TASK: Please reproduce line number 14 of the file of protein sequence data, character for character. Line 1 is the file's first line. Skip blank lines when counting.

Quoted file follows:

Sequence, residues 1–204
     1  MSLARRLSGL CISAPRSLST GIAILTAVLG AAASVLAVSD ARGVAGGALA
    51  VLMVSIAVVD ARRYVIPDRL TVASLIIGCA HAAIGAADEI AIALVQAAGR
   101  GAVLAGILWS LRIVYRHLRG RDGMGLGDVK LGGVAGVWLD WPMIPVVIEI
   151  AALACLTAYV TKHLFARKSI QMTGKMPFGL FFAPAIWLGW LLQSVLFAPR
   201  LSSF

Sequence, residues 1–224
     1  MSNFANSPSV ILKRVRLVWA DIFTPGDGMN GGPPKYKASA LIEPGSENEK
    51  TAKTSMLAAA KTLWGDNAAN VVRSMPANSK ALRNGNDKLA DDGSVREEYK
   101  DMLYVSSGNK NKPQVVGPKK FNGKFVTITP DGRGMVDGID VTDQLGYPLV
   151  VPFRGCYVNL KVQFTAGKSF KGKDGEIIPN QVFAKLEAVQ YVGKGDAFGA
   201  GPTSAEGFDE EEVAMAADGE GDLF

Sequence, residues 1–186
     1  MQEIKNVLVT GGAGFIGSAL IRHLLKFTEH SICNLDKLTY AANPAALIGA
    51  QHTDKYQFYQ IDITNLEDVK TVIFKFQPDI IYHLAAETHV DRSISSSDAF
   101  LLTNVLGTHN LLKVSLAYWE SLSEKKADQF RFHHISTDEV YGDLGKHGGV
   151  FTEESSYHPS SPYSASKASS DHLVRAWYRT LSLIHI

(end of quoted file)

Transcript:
     1  MQEIKNVLVT GGAGFIGSAL IRHLLKFTEH SICNLDKLTY AANPAALIGA